In interviews with representatives from the Frankfurter Allgemeine, the French daily Le Monde, the British Financial Times; as well as the the German ARD television station, the French France-24 and the British Sky News, Netanyahu addressed the issue of nuclear Iran.
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- Susan Rice on Iran: Every reason to be skeptical
- Iran: More needed than Obama call for full ties
Referring to a pictures in his office, one of Theodor Herzl, who warned against the "impending rise of anti-Semitism," and the other of Winston Churchill, who warned against the Nazis, the prime minister said the world mustn’t "let a radical regime have awesome power."
The prime minister addressed Iran's nuclear program, saying that the "violent" Iranian regime, which is "practicing terrorism… has violated every UN Security Council resolution to stop enrichment… is now smiling, and coming and saying, 'you know what, let us keep enrichment, let us keep my plutonium reactors, and I'll make some tactical, some cosmetic concessions. You reduce the sanctions.'"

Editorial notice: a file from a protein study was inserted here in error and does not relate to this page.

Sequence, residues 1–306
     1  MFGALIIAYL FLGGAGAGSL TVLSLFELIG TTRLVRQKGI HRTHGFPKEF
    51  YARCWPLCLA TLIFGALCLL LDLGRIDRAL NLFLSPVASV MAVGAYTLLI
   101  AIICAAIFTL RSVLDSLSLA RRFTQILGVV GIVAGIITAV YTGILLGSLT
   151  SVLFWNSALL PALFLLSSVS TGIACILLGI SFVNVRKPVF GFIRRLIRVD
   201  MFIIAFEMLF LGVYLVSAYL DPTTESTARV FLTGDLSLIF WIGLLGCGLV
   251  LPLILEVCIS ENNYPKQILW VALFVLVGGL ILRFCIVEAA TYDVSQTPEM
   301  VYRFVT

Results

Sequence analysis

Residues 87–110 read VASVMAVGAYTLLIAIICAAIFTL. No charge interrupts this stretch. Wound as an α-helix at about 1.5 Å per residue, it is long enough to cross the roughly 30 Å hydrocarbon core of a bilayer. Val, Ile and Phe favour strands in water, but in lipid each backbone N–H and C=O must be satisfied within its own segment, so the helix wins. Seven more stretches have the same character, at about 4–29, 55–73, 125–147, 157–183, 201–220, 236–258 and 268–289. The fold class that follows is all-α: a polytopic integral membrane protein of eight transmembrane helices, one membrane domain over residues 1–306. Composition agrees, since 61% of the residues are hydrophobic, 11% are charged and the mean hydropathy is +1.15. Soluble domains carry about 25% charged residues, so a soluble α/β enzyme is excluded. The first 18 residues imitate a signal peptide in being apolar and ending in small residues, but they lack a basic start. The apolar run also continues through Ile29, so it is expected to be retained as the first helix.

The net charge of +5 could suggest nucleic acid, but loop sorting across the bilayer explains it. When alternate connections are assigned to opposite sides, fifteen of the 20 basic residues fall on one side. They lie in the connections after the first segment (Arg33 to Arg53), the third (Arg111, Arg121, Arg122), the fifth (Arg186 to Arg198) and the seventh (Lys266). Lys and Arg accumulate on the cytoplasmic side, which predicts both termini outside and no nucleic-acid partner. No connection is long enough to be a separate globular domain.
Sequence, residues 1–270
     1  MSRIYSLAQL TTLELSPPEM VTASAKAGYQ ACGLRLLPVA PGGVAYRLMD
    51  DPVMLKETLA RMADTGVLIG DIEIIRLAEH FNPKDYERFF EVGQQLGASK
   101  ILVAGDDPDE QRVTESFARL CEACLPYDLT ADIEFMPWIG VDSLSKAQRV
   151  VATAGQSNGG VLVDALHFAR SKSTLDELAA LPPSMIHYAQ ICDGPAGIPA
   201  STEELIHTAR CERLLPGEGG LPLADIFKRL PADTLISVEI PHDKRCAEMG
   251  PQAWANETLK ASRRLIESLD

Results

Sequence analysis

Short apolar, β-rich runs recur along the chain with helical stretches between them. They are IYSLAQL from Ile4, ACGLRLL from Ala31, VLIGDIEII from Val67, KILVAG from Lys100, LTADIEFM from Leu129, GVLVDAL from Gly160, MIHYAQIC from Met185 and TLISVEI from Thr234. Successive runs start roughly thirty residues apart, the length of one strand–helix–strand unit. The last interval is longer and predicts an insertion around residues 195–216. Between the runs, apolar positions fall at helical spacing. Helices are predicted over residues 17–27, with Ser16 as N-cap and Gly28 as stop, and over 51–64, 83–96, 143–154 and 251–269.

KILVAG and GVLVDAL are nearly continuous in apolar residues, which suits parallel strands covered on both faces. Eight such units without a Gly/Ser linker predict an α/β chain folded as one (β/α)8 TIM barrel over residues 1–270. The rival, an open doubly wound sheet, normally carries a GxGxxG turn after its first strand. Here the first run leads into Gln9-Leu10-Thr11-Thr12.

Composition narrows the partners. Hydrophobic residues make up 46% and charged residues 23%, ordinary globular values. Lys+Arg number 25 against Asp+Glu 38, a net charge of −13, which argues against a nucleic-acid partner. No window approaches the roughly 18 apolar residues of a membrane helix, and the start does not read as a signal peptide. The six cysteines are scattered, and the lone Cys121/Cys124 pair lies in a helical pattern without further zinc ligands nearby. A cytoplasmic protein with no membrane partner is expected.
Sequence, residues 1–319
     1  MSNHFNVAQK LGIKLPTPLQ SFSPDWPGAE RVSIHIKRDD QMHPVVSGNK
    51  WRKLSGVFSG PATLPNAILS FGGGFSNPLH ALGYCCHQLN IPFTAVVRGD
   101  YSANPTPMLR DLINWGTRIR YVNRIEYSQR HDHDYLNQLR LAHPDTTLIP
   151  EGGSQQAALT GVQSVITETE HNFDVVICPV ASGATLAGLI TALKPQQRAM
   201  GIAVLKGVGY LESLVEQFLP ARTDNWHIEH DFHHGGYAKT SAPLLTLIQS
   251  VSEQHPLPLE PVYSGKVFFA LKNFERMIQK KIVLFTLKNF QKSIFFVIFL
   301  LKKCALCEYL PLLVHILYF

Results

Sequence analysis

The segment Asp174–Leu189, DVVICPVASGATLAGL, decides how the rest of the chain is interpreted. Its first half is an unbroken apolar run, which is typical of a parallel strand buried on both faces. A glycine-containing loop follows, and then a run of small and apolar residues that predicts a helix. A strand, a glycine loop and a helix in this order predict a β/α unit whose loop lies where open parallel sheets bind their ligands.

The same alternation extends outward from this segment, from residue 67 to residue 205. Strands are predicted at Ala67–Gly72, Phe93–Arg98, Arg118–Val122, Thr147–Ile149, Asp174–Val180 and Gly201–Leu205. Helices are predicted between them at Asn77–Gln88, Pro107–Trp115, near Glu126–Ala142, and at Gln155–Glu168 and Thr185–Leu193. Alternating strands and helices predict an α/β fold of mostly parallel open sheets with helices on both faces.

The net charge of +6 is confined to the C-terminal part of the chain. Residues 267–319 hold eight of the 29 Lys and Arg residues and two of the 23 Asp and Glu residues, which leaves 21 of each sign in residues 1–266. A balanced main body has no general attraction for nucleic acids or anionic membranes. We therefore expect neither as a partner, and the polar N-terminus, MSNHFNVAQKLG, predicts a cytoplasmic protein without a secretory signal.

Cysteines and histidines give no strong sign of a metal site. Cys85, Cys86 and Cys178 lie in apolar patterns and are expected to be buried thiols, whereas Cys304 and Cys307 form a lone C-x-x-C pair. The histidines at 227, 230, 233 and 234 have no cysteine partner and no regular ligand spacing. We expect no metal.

Suggesting that the Islamic republic cannot be trusted, he noted: "So they get everything, and we collectively get nothing."
Netanyahu added that the danger posed by Iran was not only an Israeli problem, but also the problem of Europe and the entire world. He urged Europeans to take part in controlling Iran's nuclear program, saying "Don’t let them have enrichment. Be strong; be tough; be consistent.
"The right thing is not to fall into a trap."
The prime minister also asserted: "Don’t say I didn’t warn you."
Earlier this week, it was reported that Iran is preparing a package which could revitalize long-stalled negotiations over its nuclear program, but which falls short of a complete shutdown of uranium enrichment, the Wall Street Journal reported Wednesday.
According to the report, the Iranian proposals include an offer to stop enriching uranium to levels of 20% purity – a demand which Tehran has rejected in the past.
In return Iran will request that the US and European Union begin scaling back sanctions that have left it largely frozen out of the international financial system and isolated its oil industry.
Iran is also expected to offer to open the country's nuclear facilities to more intrusive international inspections, officials were quoted as saying. It is considering offering the closure of the Fordo underground facility.
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